With as much consistency as a Ryan Lochte witness statement, we have heard some mixed messages from financial-market participants on the prospects for Brazilian debt, ranging from the five stages of grief and loss to blind optimism. We, however, are becoming increasingly bearish.
In January and February this year, the market was completely hung up on whether Brazil would achieve a primary fiscal surplus. That turned out to be unachievable, and focus instead turned to whether one was achievable for 2017. Now it looks as though this will not even happen in 2018. Meanwhile, the debt/GDP trajectory steadily worsens.
Labour law issues
The government has implemented some reforms aimed at reducing its massive overspend, notably removing electricity and petrol subsidies; however, the bulk of government spending goes on social security payments, and pensions in particular. Some of this spending would require constitutional change to reverse – at a time when Brazil is in the middle of a heavy recession and tax receipts are falling.
The currency weakness of 2014/15 caused a spike in inflation as imported goods increased in price, and, to compound the problem, rigid labour laws mean that the wider problem of wage indexation persists in the private and public sectors, prolonging inflationary spikes.
The impeachment of Dilma Rousseff is now confirmed, so we expect an election in 2018. With former president Lula highly likely soon to be facing corruption charges – in the supreme court owing to his seniority – we expect a long, drawn-out process. This probably means that the PT (Worker’s Party to which Dilma and Lula belong) is finished as an electable force, certainly for the 2018 campaign.
The interim president Michel Temer is a member of the Brazilian Democratic Movement Party (PMDB), a party of little ideology other than stating itself ‘centrist’. I believe this lack of ideology leaves it prone to populism. Temer and the PMDB party are also far from unscathed by the political scandals as they were part of Dilma’s coalition government, and several high-ranking members have been arrested, including speaker of the house Eduardo Cunha.
President Temer has stated that he will not run for election in 2018, making this perhaps the ideal time to push through deeply unpopular aggressive fiscal reform packages, slash government spending and maintain or increase taxation. However, with its lack of ideology, the PMDB may not possess the drive to push through the necessary reforms.
This leaves the Brazilian Social Democratic Party (PSDB), a close second at the last election, as the market-friendly face of Brazilian politics, and the party most likely to push through the required reforms, should this current government disappoint. This would then mean that the ‘fix’ is further drawn out into 2019 and beyond. We haven’t seen much recently about the PSDB’s plans for addressing the issues mentioned, perhaps because it realises what a poisoned chalice the next presidency could prove to be, and it is therefore currently seeking partners and coalitions to spread the political burden.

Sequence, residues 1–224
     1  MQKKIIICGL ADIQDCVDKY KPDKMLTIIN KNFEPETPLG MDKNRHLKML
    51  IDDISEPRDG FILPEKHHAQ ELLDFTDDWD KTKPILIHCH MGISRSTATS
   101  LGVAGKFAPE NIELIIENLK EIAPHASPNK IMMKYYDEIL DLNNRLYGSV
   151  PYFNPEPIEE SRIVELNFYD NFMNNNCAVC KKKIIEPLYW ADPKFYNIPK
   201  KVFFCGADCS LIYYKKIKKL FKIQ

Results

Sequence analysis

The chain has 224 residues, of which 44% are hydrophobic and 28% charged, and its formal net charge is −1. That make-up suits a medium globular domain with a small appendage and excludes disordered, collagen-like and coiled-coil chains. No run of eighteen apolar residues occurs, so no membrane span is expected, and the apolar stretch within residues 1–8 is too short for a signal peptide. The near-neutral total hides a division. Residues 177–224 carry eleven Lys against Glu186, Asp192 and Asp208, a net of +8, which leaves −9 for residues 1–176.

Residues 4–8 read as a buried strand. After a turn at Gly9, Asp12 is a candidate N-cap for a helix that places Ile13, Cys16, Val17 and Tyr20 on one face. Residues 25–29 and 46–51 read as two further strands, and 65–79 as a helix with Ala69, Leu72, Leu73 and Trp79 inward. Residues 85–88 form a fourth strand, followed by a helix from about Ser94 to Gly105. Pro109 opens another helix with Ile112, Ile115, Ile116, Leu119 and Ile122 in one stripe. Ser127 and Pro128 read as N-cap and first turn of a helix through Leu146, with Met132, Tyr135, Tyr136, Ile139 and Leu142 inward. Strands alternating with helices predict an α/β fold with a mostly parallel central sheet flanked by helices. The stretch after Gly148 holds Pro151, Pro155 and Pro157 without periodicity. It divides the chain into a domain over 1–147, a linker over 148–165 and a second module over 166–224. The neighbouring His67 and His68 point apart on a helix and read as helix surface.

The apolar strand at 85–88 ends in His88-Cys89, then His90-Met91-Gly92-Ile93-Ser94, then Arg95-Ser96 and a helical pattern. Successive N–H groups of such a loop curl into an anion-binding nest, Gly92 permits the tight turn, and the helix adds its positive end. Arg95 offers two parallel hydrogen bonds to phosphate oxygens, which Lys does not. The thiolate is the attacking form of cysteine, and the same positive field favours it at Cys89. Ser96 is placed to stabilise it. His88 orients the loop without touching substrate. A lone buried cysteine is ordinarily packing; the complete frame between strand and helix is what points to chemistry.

Meanwhile, in the background, the ‘Lava Jato’ (‘car wash’) corruption investigations rumble on, with the possibility of further high-profile prosecutions.
Brazilian rates are currently 14.25%, and the central bank remains hawkish. If debt/GDP approaches the 100% level with high domestic interest rates, debt service costs will be huge. There is no shortage of things in Brazil which require investment, most notably health care, education and infrastructure. Brazil remains a very unequal society and the labour reforms are going to hit those outside the elite the hardest.
It is also a country of high personal taxation. People already wonder just what they get out of paying taxes, and this will be exacerbated if government spending is slashed. Protests are already a common feature of Brazilian cities and we should expect them to increase in the future.
The next government will be walking a very difficult path trying to balance the required fiscal consolidation, while providing necessary services with several states close to bankruptcy.
One option open to the government would be to lower rates and allow the currency to devalue. This would greatly improve the debt coverage ratios given the high level of FX reserves (US$380bn) compared to a lower value stock of outstanding debt. Similarly to Russia, it would also repair the balance sheets of domestic commodity producers, whose revenues are in higher value US dollars.
However, this would only be possible with a complete reduction of the indexation of wages.
If not, the country could embark upon yet another ruinous inflationary cycle, which would make it very difficult to convince the wider world that the central bank would be able to contain inflation.
Either way, with 2016 GDP likely to be around -4%, artificially propping up the currency won’t help to remedy this weak growth. Therefore, we should be watchful of a running down of FX reserves, or implementation of any policy which spends reserves. The scenario may be likened in some quarters to having a fire extinguisher but not being able to use it, but the wider world needs something reassuring to cling on to.
 Source: Bloomberg data, 7 September 2016
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